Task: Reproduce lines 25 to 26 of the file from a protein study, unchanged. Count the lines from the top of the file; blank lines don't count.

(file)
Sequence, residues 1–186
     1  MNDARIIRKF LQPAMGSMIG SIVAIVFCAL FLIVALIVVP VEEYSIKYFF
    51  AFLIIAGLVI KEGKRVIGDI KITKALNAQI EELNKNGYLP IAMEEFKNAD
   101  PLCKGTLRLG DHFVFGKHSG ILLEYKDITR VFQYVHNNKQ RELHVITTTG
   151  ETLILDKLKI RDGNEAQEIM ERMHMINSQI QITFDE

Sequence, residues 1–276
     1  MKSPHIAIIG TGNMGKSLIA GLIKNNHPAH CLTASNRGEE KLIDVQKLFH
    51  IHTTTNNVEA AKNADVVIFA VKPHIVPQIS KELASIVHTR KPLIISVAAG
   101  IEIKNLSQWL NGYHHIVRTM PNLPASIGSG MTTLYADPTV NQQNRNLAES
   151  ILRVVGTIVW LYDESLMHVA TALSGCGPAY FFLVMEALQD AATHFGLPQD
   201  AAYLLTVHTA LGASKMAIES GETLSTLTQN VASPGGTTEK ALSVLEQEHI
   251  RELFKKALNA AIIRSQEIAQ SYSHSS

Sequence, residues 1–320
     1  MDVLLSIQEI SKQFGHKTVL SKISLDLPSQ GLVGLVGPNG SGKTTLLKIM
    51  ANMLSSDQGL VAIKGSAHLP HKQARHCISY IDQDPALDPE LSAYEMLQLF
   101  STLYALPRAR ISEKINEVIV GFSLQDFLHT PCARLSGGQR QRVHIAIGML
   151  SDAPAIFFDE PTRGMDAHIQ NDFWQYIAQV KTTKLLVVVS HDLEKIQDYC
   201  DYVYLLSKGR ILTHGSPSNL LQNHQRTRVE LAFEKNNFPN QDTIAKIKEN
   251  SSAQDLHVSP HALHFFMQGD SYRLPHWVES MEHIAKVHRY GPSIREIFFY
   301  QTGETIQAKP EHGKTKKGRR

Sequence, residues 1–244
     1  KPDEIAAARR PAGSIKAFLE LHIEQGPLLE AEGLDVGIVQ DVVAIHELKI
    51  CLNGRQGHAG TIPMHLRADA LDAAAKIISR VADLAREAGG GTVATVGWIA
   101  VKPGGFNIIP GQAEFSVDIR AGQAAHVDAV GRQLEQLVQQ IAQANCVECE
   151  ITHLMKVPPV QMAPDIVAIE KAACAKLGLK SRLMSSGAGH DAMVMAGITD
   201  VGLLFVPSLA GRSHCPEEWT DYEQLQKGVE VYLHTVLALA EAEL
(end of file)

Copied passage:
   151  ITHLMKVPPV QMAPDIVAIE KAACAKLGLK SRLMSSGAGH DAMVMAGITD
   201  VGLLFVPSLA GRSHCPEEWT DYEQLQKGVE VYLHTVLALA EAEL